There is no shortcut to this, because there are no stock answers to questions like "what entities are needed?" Instead, you have to apply your experience of various tools and paradigms, and how they work together, to come up with a practical solution to the problem at hand.

A question like "Do I do this using classes or databases?" suggests that you lack a basic knowledge of what things are and how they work. Classes are a paradigm for organizing your code; databases are a method of data storage. They are two inherently unrelated concepts (though they can work together). This is not an either/or question.

I don't mean to be harsh, but I think you need to develop your coding experience in order to succeed in such a job interview. You certainly have the potential--your discussion of the photo sharing app has some of the right ideas and is headed in the right direction. But you need to learn how this works firsthand. The best way to prepare for your interview is to actually create an application from start to finish. A photo sharing app would be an appropriately sized project, or you could choose something else. Your knowledge will really expand as you see how all the parts can work together to make a working application.


It looks like this is either expecting a database schema or a bunch of class definitions (or both?)

I think you're too focused on details here. With that question, the recruiter is not expecting a complete description of all classes you would write (otherwise they would ask you to code it, not talk about it).

Your answer first needs to be about the big picture - architecture, tiers, layers, even the project lifecycle and development process you would put in place. Don't hesitate to ask questions about the requirements and the environment the application is supposed to run in to adjust your answer. As dan1111 pointed out, there is no general recipe for a correct application design. All designs are context dependent.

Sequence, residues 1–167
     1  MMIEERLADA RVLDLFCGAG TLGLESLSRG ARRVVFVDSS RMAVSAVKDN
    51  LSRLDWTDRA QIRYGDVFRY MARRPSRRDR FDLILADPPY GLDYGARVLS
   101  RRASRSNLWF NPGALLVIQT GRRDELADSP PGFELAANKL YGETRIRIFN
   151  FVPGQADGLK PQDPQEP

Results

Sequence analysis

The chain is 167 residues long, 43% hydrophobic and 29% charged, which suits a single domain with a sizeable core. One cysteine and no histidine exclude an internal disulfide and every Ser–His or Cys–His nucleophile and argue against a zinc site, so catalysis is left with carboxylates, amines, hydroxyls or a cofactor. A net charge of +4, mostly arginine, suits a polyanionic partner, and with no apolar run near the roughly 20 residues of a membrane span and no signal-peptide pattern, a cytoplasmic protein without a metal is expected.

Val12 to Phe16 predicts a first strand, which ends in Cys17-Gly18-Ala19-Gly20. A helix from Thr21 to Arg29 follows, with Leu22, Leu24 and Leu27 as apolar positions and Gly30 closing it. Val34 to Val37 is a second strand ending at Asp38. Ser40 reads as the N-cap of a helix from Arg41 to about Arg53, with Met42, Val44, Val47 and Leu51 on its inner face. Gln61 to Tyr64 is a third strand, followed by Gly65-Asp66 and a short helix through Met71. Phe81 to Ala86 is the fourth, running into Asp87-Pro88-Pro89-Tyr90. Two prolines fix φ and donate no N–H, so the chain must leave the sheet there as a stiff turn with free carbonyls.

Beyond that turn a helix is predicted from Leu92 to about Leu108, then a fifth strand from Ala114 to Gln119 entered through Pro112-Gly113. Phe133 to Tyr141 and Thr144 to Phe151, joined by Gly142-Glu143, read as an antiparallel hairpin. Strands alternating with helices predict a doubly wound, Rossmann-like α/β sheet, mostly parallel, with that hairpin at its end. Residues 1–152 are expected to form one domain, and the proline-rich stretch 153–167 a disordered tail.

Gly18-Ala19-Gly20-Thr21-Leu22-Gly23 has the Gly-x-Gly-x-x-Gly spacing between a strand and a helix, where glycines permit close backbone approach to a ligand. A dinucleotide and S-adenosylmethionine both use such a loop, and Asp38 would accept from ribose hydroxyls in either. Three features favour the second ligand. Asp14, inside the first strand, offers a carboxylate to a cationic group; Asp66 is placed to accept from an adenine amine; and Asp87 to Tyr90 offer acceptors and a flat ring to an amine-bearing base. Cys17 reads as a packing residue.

Only if the recruiter starts asking really specific questions should you go into details about what classes, entities or database tables you would use under the hood.

Also, if you have little experience, it's only normal to say "I'll show you a solution using the type of application design I've been taught and used until now. I know of this and that other approaches which I can describe you in the large but have never really applied them. I'm also open to discovering and applying others".

There's nothing wrong with acknowledging that there are only so many tools in your toolbox that your experience allows you to have - in fact, it's better than spitting out a rehearsed answer which you have no clue how it works in practice.


I thought I'd make a quick comment on your first question:

1) How do you come up with what entities are needed?

The first thing I do for a new project is, either on a white board or big blank piece of paper, write down all the physical and conceptual things about that particular project that I and my team can think of. It's a brainstorm session.

Nouns tend to be objects, verbs tend to be use cases or methods.

Physical: photo (obvious!), display type, system, photo file, file format, user, date....
Conceptual: add, delete, save/store, retrieve, sort, modify, view/display photo....

Make connections between nouns and verbs. User Adds Photo. (Well - there's a use case!)

I would also suggest looking at UML and Design Patterns and how they can be used in generic OOD. (Notice - I didn't mention a language or a database anywhere above. Don't pick a language and then do your OOD. Do your OOD in a way that the design can be implemented by any OOL.